Later this year we will see a new FIA president enter the offices at 8 Place de la Concorde – or accept the fact that Jean Todt will continue his job. In a journal paper published in Palgrave Communications I have analysed team Todt’s past visions for the FIA 2009-2013 and 2013-2017, as well as those of his opponents (as long as there were some) in the two previous elections. The impression is not bad. Given this situation there are surely others than me who wonder what he will do next. Despite being interviewed across seven pages in the recent edition of AUTO, FIA’s in-house publication, not once is he asked about a third presidential term. Although this can probably be explained by the norm that prevents ruling presidents to campaign before the election race is on, as well as an effect of the reporter’s (F1 guru James Allen) mild questions, it is not against French law to reflect upon the future.
This kenopsia leaves us to speculate. What can be said about his eight years so far? For the WRC these years have been a true combination of highs and lows. It began badly with ‘the Antonov affair’. On 24 November, 2011, Russian banker Vladimir Antonov and his partner Raimondas Baranauskas were arrested in London on allegations of serious fraud. As Antonov’s financial empire trembled with further revelations of connections with the mafia, secret accounts and the withholding of information from the financial authorities, the WRC tottered with it because Antonov was the main backer of the multinational investment group, Convers Sports Initiatives (CSI), which, in turn, owned North One Sport (NOS), the company in charge of the global media production and promotion of the WRC 2010-20.
Days came and left before FIA took action and Antonov disappeared into the British legal system. Autosport informed its readers on 7 December that the FIA was now working on an ‘immediate plan’ to make sure the 2012 World Rally Championship went ahead, and that several companies were being considered for the promoter rights as an alternative to CSI, among them energy drink and lifestyle consortium Red Bull. Todt was also forced to return to FIA headquarters in Paris from his vacation in Bali with Hollywood actress wife Michelle Yeoh to deal with the matter personally. No real deal was made. Hence, the 2012 season went by through a series of ad hoc solutions, before Red Bull re-entered the ring for the 2013 season. From being in a state of emergency everybody now expected a major improvement in the promotion of the championship.
While some feared a Red Bullization of the WRC others accuse the Austrian brand giant for doing too little. The truth is perhaps somewhere in the middle, as the difference from previous promoters is quite small and those differences that exist (like the Power Stage, which by the way have been tried before) does not alter the essentials of the sport. In terms of grasping the spectator sensations of rallying, for example, I have argued in previous posts that a lot of work remains. Meanwhile, on the positive side, new regulations for 2017 saw the emergence of new manufacturers (save Volkswagen’s melodramatic exit), more powerful cars, and a new level of competition. In the AUTO interview Todt says that this it’s a pleasing development as he felt rally cars had lost some charisma. To rectify this, Todt explains, they – as in FIA – wanted to bring back the awe when people saw the Group B cars. At the same time he underlines that replicating the anarchic setup of events like the Safari rally is impossible for political and safety reasons.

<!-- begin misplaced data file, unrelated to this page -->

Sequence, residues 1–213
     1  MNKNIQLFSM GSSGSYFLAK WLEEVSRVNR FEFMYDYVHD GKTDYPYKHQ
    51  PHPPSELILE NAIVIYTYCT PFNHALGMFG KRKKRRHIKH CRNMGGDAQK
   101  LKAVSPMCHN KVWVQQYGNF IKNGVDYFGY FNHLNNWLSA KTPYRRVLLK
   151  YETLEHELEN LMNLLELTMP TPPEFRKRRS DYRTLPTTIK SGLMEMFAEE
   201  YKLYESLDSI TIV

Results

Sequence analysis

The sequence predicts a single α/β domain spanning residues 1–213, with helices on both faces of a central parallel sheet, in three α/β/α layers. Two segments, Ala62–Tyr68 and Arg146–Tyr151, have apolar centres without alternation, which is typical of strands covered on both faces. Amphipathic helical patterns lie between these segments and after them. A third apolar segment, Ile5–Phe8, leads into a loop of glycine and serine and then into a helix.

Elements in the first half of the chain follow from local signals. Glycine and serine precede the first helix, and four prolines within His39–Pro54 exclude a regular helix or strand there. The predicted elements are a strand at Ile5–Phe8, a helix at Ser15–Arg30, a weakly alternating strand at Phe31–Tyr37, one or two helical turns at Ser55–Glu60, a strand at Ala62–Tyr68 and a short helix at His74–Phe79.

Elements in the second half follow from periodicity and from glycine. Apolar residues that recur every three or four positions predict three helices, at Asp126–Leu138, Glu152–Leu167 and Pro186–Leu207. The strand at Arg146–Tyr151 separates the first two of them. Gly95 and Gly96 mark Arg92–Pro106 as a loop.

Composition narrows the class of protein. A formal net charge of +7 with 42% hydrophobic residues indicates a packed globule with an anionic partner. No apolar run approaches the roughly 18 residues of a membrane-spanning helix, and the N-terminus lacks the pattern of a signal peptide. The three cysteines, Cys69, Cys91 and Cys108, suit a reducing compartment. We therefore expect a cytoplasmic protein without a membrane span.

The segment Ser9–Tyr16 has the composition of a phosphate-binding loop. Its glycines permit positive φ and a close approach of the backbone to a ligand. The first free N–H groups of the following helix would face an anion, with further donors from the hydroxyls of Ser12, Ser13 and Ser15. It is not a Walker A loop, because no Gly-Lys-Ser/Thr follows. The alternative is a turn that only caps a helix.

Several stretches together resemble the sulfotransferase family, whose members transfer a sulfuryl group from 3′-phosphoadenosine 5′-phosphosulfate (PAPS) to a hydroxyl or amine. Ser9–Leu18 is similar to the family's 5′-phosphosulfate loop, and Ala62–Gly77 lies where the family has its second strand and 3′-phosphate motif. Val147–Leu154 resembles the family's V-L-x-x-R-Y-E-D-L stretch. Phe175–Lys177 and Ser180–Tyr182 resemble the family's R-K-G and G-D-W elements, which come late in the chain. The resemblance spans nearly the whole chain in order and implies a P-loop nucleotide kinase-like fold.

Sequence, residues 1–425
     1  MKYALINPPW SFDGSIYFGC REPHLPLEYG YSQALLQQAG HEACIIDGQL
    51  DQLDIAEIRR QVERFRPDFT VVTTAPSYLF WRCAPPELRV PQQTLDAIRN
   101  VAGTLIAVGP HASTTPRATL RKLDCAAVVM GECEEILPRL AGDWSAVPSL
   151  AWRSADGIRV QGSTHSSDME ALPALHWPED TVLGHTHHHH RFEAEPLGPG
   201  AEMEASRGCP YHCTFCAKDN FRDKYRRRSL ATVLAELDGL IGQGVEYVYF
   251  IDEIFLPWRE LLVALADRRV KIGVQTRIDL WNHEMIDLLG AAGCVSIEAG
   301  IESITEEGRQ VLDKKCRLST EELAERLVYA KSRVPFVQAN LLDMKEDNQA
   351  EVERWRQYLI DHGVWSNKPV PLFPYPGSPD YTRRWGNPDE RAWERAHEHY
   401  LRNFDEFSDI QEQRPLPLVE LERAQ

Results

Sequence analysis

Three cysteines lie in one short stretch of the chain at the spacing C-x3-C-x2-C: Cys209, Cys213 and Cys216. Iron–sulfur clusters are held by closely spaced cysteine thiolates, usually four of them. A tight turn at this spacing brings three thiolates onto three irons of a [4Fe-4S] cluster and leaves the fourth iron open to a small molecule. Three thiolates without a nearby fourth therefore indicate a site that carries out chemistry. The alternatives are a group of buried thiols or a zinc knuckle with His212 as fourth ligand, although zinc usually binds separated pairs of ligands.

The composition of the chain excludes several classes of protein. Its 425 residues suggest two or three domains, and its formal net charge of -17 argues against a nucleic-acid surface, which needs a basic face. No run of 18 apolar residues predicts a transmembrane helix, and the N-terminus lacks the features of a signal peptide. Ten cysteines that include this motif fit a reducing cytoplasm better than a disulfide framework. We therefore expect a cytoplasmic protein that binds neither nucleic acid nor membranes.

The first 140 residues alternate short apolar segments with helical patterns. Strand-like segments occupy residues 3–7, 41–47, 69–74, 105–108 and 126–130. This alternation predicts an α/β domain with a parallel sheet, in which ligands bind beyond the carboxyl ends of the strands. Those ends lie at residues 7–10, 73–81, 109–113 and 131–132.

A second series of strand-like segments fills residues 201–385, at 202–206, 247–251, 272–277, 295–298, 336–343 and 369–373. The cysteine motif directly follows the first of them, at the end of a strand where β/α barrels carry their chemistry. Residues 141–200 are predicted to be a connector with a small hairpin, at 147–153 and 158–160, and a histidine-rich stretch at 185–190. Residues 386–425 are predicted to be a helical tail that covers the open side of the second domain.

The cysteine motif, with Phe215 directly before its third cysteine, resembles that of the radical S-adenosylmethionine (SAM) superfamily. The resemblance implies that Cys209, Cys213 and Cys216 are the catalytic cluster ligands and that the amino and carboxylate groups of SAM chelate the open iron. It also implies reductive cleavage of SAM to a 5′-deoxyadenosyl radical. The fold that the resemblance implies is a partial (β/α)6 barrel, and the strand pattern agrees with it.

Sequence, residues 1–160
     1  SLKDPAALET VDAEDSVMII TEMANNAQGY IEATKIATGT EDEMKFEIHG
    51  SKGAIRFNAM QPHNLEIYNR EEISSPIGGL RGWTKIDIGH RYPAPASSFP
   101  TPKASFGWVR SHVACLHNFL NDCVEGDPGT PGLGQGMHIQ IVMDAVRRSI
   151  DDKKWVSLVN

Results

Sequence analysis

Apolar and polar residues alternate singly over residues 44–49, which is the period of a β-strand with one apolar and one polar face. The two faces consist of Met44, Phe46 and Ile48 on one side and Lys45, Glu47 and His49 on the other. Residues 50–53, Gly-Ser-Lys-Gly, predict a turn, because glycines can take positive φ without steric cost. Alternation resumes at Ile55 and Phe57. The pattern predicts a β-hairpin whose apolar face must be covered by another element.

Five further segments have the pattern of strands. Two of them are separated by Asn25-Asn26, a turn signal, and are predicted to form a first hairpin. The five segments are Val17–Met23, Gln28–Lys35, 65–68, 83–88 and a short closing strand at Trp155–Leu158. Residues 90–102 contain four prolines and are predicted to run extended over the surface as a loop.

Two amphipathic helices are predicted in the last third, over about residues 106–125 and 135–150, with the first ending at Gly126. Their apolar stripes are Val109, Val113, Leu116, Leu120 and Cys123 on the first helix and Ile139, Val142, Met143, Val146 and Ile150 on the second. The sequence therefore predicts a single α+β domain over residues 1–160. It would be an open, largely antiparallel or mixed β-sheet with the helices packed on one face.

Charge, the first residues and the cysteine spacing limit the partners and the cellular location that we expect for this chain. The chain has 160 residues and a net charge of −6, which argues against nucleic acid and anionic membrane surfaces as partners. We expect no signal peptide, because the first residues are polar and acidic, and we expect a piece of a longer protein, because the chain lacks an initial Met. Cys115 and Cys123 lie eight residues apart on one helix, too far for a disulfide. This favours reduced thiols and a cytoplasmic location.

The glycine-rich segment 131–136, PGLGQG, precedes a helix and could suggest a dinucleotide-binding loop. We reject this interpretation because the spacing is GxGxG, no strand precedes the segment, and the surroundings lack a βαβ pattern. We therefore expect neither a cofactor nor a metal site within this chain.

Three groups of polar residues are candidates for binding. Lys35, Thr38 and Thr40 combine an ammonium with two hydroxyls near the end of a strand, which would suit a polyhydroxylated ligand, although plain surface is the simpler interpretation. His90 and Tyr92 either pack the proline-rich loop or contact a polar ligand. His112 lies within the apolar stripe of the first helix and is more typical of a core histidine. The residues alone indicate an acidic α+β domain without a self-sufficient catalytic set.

This juggling with nostalgia and innovation – bringing back the best and leaving behind the worst – is the core logic of being able to balance ‘the pull’ of traditions with ‘the push’ of commercial considerations. In light of the recent discussions of expanding the WRC calendar to 16 events I think Todt should enter a third term, if he does not choose to stand down or is beaten by his opponents, with an aim to rejuvenate the calendar. With popular new cars on site and a promotional deal still in progress, the remaining issue with the WRC is the combination of rallies. There is no secret that I would prefer a mix of ‘classics’ and ‘newbies’ over a given period of time – say, three years. This would cement the status of the traditional events as well as give new events a chance to defend their place in the calendar. Both Todt and FIA rally director Jarmo Mahonen expressed last year a desire to expand the calendar geographically.
Should that be the case, subject to approval from the manufacturers, there is however another issue that Todt and the FIA has evaded for a very long time: politics. In Formula 1 there had to be riots and loss of lives before something was done (and later undone) about the absurd descision to host a Grand Prix in a country where human rights were trampled upon. In less dramatic cases, the same logic applies in Turkey, one of the countries mentioned by Mahonen. Headed by a political administration that since 2016 has reversed many of its liberal reforms, closed down media and higher education institutions, and firing civil servants for nothing it does not offer the best of circumstances for an event governed by an institution that promise to live by the aim of the Olympic Charter: ‘to place sport at the service of the harmonious development of humankind, with a view to promoting a peaceful society concerned with the preservation of human dignity’.
Source: Hamel Alrayeh/Wikipedia Commons
Traditionally, FIA has claimed neutrality in all cases where politics and sport have intersected. The question is what Todt and his team will do, if he continues, when there are no more neutral zones to be found, or when this neutrality reinforces what it is supposed to avoid: brute state suppression of political dissent.